fbpx

Eating Antipasto in Rome

Antipasto, the Italian Appetizer

Antipasto literally translates as ‘before the meal’, and that is exactly what it is, an Italian version of an appetizer. It is that wonderful moment after you chose what you want to eat, and before your main course arrives.

 

In real restaurants in Rome (not tourist traps), pasta is made fresh, so this means that you may have about 15/20 minutes to kill before you can indulge in your carbonara or amatriciana. Are you going to waste those 15 minutes of your Roman vacation just sitting there watching others eat? Of course not!

 

Land or sea antipasto. A matter of choice

Antipasto can take many forms. Meat, fish or vegetarian. Platters of cold cuts, prosciutto, mortadella, bruschetta, cheese, stuffed or grilled veggies, artichokes, fried zucchini flowers, fried baccalà, fresh mozzarella, focaccia. Depending on the restaurant, you might even find special creations from the chef. That is what an antipasto is all about.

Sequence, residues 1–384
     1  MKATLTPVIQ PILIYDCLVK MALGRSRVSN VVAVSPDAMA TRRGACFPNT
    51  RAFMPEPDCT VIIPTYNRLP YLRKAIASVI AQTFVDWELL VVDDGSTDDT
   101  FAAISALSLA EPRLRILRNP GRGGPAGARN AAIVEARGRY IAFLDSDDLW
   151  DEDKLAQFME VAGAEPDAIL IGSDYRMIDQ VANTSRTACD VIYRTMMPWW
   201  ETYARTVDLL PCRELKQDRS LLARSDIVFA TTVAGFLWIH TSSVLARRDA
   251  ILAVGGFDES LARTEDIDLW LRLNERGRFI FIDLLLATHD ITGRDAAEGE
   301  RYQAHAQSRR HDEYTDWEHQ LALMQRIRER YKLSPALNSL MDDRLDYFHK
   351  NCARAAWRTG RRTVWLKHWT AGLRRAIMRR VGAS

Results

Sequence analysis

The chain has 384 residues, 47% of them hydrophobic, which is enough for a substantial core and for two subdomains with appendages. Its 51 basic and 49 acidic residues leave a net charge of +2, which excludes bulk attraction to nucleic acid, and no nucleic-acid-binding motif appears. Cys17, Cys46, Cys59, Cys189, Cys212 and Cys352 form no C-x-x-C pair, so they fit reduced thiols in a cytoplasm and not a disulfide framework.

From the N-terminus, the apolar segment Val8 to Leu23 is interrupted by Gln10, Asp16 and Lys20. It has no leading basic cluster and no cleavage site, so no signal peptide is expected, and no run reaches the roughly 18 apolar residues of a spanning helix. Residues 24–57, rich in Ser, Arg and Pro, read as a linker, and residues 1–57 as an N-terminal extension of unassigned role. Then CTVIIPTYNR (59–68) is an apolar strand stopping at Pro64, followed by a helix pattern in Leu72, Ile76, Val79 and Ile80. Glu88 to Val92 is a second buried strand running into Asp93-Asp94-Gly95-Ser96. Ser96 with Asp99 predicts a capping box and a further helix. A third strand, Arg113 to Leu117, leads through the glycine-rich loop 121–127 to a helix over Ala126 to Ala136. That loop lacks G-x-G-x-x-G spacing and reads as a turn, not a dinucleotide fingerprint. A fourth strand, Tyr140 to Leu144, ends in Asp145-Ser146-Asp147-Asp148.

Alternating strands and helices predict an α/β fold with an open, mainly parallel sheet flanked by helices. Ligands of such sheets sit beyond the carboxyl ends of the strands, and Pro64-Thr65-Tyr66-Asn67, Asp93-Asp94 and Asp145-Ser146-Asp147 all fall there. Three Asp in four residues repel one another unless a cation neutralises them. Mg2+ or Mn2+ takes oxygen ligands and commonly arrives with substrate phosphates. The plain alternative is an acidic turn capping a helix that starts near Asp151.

Depending also on the kind of restaurant you decided on, you might even find fish-oriented antipasto also knows as antipasto di mare. Octopus salad, marinated anchovies, tomatoes stuffed with tuna, the options are endless.

 

The fun part is to have every member of your party each have an antipasto and then share. It’s a great way to taste typical and local flavors and learn what you like best.

 

We love this ritual so much that we have created a tour called Aperitivo: Italian Cocktail Hour Tour in Rome. Definitely worth trying!

Buon appetito!

 

 

Summary
Eating Antipasto in Rome
Article Name
Eating Antipasto in Rome
Description
A guide to Italian antipasto, what to eat as an appetizer at a restaurant in Rome. From cured meats, cheese and fish starters to more experimental dishes.
Author
Publisher Name
Local Aromas
Publisher Logo
Scroll Up